John V: to Lauramay6: You have received outstanding response from clearly experieced caregvers and providers. By all means prtect your dad's health. I have been a caregivr for the past nin years to a wife of 63 years who has just passed. I still hellp those in a caegiver group here in Sun City AZ who meet every Tuesday morning to share inform ationfrom technical presenters. One of those is a Maribeth Gallagher who would not accept the medical opinion "No brain no pain". working in the environment of Hospice of the Valley she studied patients who were "Sighjing". Her empathy could sense their pain. She devloped a chart that caregivers could carry to help them be more sensative to the subtle indications of pain. She developed a simple Tylonol "pain vrification" proticol that proved effective in demonstrating to skeptical doctors ad nrses that there was pain. She would be gratified to comunicate wit you about your mom's condition. Hopefully you or a friend can reach her at her internet address mgallagher@hov.org . my heart is with you... John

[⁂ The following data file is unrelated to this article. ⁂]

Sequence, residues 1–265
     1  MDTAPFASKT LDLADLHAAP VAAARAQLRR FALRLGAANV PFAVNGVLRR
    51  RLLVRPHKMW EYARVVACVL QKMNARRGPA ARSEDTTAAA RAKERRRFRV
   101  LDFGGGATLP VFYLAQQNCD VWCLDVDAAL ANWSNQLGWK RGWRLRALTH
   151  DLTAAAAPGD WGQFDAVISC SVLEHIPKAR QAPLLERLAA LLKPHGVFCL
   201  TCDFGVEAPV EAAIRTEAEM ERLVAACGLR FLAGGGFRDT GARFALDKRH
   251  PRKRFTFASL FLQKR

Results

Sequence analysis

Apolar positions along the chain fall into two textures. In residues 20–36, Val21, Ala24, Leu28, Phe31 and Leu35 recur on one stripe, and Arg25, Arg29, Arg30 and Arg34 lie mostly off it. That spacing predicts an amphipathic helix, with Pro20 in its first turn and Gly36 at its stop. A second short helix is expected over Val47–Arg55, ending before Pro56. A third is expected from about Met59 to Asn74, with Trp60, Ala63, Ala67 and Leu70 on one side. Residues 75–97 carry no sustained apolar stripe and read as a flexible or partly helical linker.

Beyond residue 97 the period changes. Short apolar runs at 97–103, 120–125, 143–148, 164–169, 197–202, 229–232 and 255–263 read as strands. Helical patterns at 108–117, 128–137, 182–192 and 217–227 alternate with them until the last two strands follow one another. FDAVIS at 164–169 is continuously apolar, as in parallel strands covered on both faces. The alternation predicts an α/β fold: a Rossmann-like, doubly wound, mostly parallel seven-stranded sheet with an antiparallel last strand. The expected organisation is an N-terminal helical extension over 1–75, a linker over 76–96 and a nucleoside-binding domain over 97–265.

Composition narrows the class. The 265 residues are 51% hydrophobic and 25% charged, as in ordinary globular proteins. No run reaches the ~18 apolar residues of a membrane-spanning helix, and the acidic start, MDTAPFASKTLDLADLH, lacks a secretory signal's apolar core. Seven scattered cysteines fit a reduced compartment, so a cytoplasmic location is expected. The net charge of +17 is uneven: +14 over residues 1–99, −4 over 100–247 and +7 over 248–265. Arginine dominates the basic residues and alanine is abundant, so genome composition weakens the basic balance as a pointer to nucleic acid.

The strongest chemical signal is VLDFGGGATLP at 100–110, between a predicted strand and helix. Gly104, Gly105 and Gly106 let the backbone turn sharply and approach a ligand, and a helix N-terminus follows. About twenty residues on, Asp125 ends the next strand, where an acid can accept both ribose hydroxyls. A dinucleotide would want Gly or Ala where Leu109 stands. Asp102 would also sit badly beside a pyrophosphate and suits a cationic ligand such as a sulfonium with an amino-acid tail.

avatar
BPDcaregiver responded:
Dear Laura,
You definitely have my sympathetic ear. I am in the process of arranging separate living and support systems for my husband of 54 years.
Here are a few points that really have to be addressed (emotions are so strong for caretakers that practical solutions are often overlooked):
1. Home is home. Aside from emotional attachment, there is great fear of the unknown new lifestyles that have to be made, for both patient and caretaker.
2. A medical support team has to be established through the family doctor, the Alzheimer Society or your nearest community health care services.
3. An honest knowledge of financial availability has to be discussed.
4. Your father is aging and becoming fragile himself and it must be realized that should he,the caregiver break down,your Mother will break down totally.